Two grants received from Government’s Green Recovery Challenge Fund!

Freshwater Habitats Trust receives two grants totalling £888,000 from the Government’s Green Recovery Challenge Fund

Freshwater Habitats Trust is developing a new approach to protecting freshwater biodiversity – refocussing conservation work onto the networks of small waters, wetlands and grasslands that are critical for freshwater biodiversity – with two grants awarded from the Government’s £40 million second round of the Green Recovery Challenge Fund, a multi-million pound boost for green jobs and nature recovery.

Ninety nature projects across England have been awarded grants from £68,100 to £1,950,000 to create and retain over 1,000 green jobs, backed by the Government’s £80 million Green Recovery Challenge Fund.

Work will be carried out on over 600 sites from North Northumberland to the tip of Cornwall, and combined with the first round, almost a million trees will be planted, contributing towards the Government’s commitment to treble tree planting rates across England by the end of this Parliament.

Both projects proposed by FHT are building on new evidence highlighting the need to ‘protect the best freshwaters and build out’, with a special emphasis on the creation and restoration of small waters and wetlands, recognised as vital by the Natural Capital Committee and interim Office for Environmental Protection. The projects will help new and diverse audiences connect with nature.

Oxfordshire has an extraordinary but declining freshwater heritage, much dependant on its exceptional fens, meadows, ponds and floodplains. ‘Building Oxfordshire’s Freshwater Network: engaging people in nature’s recovery’, will include creation and restoration of critical pond, floodplain and wetland habitat, engaging local communities in growing endangered water plants and training a new generation of young people in freshwater management and conservation.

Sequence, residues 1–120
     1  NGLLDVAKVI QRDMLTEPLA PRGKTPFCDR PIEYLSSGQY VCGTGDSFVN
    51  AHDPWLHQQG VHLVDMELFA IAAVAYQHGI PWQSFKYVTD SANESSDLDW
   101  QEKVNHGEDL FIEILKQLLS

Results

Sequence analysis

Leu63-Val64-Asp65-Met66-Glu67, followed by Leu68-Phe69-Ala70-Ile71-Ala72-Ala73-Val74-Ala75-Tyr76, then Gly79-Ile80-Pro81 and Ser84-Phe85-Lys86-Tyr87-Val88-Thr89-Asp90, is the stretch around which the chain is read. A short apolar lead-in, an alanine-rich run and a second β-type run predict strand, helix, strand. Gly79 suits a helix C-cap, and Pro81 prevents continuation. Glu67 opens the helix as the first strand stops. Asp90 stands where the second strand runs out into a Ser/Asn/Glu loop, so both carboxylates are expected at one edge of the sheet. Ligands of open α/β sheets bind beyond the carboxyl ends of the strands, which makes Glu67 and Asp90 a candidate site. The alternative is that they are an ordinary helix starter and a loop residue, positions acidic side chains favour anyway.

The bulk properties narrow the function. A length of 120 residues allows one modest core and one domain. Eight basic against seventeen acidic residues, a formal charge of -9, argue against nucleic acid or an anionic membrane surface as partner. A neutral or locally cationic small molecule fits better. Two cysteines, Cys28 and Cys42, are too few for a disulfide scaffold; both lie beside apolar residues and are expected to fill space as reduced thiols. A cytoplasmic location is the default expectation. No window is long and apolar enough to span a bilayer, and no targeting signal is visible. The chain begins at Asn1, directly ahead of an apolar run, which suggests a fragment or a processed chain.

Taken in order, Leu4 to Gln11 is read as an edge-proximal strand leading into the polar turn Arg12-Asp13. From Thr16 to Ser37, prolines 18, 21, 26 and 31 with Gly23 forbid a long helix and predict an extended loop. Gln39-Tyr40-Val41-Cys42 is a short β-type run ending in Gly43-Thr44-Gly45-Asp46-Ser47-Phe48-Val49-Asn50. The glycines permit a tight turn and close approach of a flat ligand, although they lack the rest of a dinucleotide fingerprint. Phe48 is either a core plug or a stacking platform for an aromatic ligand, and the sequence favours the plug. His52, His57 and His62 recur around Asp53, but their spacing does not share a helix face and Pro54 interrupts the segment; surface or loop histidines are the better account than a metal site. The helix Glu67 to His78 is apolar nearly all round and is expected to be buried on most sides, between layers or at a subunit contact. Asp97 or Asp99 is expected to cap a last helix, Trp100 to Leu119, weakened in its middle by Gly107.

In the New Forest, Freshwater Habitats Trust are one of several partners led by the New Forest National Park Authority on the project ‘Green and Blue Horizons from City to Forest’. The ‘blue horizon’ includes small ponds, lakes, streams and coasts, and the unique species of the New Forest Important Freshwater Area. This project will create wildlife-rich corridors to link habitats and work closely with farmers and landowners using nature-based solutions to restore habitat and reduce land based emissions. In addition to this, it will also develop volunteering and outreach helping people to become more connected with nature and gain new pathways to employment.

Freshwater Habitats Trust Director, Dr Jeremy Biggs said,

“We’re thrilled to have been awarded funding for these projects. Oxfordshire and the New Forest are both nationally significant Important Freshwater Areas, critical for freshwater biodiversity and home to many endangered and declining freshwater plants and animals. Much of what makes the freshwaters special in these areas is under threat – including species at risk of being completely lost from England”.

 “The new projects will help reverse these declines, restore the exceptional freshwater biodiversity of these special areas and, more than anything, demonstrate new ways of tackling the freshwater biodiversity crisis”.